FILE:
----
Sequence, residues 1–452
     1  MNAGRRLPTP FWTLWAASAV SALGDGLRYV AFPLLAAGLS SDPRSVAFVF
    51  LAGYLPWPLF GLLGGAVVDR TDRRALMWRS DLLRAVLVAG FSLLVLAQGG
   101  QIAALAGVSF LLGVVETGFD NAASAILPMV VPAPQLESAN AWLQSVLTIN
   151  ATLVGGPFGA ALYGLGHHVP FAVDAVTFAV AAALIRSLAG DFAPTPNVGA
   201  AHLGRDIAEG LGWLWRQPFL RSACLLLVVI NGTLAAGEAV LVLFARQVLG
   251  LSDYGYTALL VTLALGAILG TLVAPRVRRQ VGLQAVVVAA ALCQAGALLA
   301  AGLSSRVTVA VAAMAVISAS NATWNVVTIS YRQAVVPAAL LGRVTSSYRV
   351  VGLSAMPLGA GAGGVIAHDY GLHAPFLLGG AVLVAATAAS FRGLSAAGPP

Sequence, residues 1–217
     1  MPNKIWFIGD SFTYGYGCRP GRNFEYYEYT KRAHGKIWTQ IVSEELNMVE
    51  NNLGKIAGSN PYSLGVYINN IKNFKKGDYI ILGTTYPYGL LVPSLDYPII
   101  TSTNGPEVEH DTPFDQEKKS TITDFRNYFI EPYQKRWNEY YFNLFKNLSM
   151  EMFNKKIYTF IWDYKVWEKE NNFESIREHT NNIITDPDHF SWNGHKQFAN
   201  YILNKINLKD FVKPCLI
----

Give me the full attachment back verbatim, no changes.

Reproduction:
Sequence, residues 1–452
     1  MNAGRRLPTP FWTLWAASAV SALGDGLRYV AFPLLAAGLS SDPRSVAFVF
    51  LAGYLPWPLF GLLGGAVVDR TDRRALMWRS DLLRAVLVAG FSLLVLAQGG
   101  QIAALAGVSF LLGVVETGFD NAASAILPMV VPAPQLESAN AWLQSVLTIN
   151  ATLVGGPFGA ALYGLGHHVP FAVDAVTFAV AAALIRSLAG DFAPTPNVGA
   201  AHLGRDIAEG LGWLWRQPFL RSACLLLVVI NGTLAAGEAV LVLFARQVLG
   251  LSDYGYTALL VTLALGAILG TLVAPRVRRQ VGLQAVVVAA ALCQAGALLA
   301  AGLSSRVTVA VAAMAVISAS NATWNVVTIS YRQAVVPAAL LGRVTSSYRV
   351  VGLSAMPLGA GAGGVIAHDY GLHAPFLLGG AVLVAATAAS FRGLSAAGPP

Sequence, residues 1–217
     1  MPNKIWFIGD SFTYGYGCRP GRNFEYYEYT KRAHGKIWTQ IVSEELNMVE
    51  NNLGKIAGSN PYSLGVYINN IKNFKKGDYI ILGTTYPYGL LVPSLDYPII
   101  TSTNGPEVEH DTPFDQEKKS TITDFRNYFI EPYQKRWNEY YFNLFKNLSM
   151  EMFNKKIYTF IWDYKVWEKE NNFESIREHT NNIITDPDHF SWNGHKQFAN
   201  YILNKINLKD FVKPCLI